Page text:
Canelo Alvarez and his promoter, Golden Boy CEO Oscar De La Hoya, were willing to compromise. Gennady Golovkin promoter Tom Loeffler was, too. But in the end, Golovkin, the unified middleweight world champion, was unwilling to come off his demand for parity in a proposed Sept. 15 rematch, and the already fragile negotiations collapsed on Tuesday with De La Hoya ending talks and sending a formal offer to middleweight contender Daniel Jacobs to fight Alvarez on Sept. 15 in an HBO PPV main event at the T-Mobile Arena in Las Vegas.

De La Hoya said he had Golden Boy Promotions president Eric Gomez contact Matchroom Boxing promoter Eddie Hearn, Jacobs’ promoter, on Tuesday afternoon to start negotiating the fight. Hearn, speaking to ESPN from his home in England, said he was pleased to hear from Gomez and hopes to finalize the fight. Hearn said he hoped to make the deal quickly and didn’t intend to drag things out.

In March 2017, then-secondary middleweight titlist Jacobs (34-2, 29 KOs), 31, of Brooklyn, New York, met unified world champion Golovkin in a mandatory fight at Madison Square Garden in New York and gave Golovkin the toughest fight of his career. Although Jacobs got knocked down in the fourth round, he put on a tremendous performance in a debatable decision loss — 115-112, 115-112 and 114-113 — to end GGG’s knockout streak at 23 consecutive fights.

Golovkin next faced Alvarez in a September blockbuster — 1.3 million pay-per-view buys and the third-best gate in history at $27 million — and they fought to a highly controversial draw that most thought Golovkin won. After drawn-out negotiations, the rematch was set for May 5 at T-Mobile Arena, but in February, Alvarez twice tested positive for the banned substance clenbuterol in his hometown of Guadalajara, Mexico, in random tests conducted by the Voluntary Anti-Doping Association. Alvarez blamed eating contaminated beef — a well-publicized problem for athletes in Mexico — but the rematch with GGG was canceled and Alvarez was suspended for six months by the Nevada State Athletic Commission.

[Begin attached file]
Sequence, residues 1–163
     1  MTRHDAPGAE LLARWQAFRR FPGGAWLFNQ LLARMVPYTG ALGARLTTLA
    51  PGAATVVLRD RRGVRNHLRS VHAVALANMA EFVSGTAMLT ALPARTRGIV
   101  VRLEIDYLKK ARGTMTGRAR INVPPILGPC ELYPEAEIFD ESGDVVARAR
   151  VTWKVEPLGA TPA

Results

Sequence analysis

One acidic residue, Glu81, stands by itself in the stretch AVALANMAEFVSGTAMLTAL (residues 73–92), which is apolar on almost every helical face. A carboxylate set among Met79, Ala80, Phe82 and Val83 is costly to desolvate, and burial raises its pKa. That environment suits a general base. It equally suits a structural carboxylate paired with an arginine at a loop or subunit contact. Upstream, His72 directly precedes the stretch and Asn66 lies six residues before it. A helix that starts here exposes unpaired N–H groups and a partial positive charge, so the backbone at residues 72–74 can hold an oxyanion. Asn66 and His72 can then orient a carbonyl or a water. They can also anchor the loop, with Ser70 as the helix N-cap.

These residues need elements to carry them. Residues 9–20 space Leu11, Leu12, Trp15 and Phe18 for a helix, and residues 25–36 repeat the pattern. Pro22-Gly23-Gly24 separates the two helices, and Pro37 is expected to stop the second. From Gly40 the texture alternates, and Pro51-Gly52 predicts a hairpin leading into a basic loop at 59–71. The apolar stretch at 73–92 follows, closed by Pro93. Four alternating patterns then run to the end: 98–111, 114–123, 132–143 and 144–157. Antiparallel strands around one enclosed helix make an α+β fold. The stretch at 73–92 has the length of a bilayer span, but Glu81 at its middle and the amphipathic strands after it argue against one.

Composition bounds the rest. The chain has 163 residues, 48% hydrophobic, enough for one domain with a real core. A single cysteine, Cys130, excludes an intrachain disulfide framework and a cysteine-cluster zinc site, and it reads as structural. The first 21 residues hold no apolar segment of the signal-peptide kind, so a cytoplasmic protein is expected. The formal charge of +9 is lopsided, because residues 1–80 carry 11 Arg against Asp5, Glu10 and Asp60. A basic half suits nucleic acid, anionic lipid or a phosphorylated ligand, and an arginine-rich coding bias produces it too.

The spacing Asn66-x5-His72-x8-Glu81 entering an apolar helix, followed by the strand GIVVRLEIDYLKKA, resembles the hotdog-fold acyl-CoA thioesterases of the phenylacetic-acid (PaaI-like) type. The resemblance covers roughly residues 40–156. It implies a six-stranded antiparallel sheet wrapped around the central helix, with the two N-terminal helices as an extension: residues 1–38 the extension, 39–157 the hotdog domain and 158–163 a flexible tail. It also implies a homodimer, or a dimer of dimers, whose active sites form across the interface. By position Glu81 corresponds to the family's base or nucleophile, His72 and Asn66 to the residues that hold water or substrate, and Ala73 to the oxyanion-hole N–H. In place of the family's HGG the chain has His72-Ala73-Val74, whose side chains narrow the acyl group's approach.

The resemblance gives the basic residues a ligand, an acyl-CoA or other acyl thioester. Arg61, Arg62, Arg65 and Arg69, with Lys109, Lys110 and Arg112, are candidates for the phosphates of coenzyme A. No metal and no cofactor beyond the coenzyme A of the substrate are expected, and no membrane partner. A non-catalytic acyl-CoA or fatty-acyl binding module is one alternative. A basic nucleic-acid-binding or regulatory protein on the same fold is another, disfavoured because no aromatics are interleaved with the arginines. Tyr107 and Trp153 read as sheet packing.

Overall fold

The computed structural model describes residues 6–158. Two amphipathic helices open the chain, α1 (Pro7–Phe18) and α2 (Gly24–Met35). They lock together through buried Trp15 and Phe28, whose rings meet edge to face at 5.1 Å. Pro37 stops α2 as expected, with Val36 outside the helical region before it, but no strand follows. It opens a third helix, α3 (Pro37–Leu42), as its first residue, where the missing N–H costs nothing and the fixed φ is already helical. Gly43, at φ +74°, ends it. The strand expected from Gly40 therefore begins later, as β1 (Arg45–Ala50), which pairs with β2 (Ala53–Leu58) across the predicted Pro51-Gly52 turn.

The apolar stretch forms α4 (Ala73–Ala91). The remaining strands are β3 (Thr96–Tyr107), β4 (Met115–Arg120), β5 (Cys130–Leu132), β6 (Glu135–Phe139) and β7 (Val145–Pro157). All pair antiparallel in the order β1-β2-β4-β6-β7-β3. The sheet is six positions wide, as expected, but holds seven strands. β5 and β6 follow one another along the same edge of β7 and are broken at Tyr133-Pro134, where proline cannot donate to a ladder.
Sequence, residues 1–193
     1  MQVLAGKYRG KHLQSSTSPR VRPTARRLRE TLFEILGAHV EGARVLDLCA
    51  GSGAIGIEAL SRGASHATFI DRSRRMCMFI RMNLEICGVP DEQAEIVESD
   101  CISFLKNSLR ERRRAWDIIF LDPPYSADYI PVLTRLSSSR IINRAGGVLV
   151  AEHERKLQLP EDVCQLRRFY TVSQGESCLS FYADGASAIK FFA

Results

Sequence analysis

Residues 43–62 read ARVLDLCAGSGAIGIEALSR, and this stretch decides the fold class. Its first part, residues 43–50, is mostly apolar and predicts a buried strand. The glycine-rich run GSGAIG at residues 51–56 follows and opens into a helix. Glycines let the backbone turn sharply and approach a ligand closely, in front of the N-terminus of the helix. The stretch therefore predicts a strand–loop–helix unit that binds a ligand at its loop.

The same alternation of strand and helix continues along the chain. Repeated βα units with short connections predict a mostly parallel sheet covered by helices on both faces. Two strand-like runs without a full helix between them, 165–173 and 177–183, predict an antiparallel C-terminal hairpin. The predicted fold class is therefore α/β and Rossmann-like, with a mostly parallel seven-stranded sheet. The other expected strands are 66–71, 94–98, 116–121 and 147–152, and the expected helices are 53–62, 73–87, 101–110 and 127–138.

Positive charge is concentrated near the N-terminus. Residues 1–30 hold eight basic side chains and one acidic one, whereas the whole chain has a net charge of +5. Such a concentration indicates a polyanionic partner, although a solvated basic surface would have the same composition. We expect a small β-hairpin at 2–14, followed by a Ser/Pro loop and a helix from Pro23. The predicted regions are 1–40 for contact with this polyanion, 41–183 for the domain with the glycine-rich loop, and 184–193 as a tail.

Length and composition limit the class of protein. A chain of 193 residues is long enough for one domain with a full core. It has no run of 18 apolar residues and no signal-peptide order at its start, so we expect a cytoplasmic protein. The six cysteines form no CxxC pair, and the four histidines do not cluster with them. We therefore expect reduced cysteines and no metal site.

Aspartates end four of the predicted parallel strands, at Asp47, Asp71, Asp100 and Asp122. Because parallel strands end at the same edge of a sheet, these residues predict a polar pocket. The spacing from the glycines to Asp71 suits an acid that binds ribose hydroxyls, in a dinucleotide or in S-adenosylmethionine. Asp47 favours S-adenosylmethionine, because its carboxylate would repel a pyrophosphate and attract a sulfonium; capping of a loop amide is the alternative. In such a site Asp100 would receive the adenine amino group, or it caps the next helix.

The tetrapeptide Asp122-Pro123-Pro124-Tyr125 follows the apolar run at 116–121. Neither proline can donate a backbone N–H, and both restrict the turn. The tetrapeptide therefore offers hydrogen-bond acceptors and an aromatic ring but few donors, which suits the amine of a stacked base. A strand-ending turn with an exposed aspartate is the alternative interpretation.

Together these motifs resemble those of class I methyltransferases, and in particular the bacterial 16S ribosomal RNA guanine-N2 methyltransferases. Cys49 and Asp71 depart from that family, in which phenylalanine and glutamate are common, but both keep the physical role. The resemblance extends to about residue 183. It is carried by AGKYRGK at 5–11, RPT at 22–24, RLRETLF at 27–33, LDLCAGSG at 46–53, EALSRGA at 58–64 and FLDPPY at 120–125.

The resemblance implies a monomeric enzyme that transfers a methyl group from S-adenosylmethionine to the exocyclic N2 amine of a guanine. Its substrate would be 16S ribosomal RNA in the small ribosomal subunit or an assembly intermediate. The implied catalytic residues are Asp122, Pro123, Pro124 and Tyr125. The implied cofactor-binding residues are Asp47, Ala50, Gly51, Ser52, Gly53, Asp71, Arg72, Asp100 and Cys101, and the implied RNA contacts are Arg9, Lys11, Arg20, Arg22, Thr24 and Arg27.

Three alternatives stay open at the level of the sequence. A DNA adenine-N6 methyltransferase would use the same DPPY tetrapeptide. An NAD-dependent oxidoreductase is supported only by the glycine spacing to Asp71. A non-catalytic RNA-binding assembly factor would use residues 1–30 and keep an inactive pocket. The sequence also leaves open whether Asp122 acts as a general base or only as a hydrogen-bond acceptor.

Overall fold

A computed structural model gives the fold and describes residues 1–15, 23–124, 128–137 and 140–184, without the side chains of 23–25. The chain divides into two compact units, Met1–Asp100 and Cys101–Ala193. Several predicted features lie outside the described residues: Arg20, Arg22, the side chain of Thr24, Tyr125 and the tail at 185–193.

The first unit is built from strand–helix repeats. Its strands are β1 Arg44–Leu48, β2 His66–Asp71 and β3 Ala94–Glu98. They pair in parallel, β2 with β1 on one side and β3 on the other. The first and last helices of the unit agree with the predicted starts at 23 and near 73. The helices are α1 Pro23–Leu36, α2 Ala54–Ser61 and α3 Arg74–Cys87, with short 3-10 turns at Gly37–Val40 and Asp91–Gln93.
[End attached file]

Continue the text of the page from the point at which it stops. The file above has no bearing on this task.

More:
Golovkin was incensed. He verbally attacked Alvarez (49-1-2, 34 KOs), 27, of Mexico, and accused him of using performance-enhancing drugs in their first fight, even though he had no evidence. Golovkin (38-0-1, 34 KOs), 36, a Kazakhstan native fighting out of Santa Monica, California, went on to fight anyway on May 5 in a hastily arranged fight with massive underdog Vanes Martirosyan that was moved to the StubHub Center in Carson, California, and taken off pay-per-view and placed on HBO. And instead of earning the $20 million or so he would have made for the rematch with Alvarez, he made around $1 million to fight Martirosyan, whom he knocked out in the second round in a division record-tying 20th consecutive title defense.

After the fight, Golden Boy and Loeffler tried to put the rematch back together for Sept. 15, and they had come to terms with Alvarez, who cleared a major obstacle by signing up for year-round VADA testing, set to receive 65 percent of the revenue and Golovkin 35 percent. But the deal was not signed, and Golovkin had a change of heart on the terms he wanted. De La Hoya said their side was willing to compromise and move to 60-40 after Alvarez got a favorable 70-30 split for the fight last year. Loeffler was surprised to hear that De La Hoya had made an offer to Jacobs when informed by ESPN.

De La Hoya didn’t make it sound like the Alvarez side was going to reverse course and go back to Golovkin.

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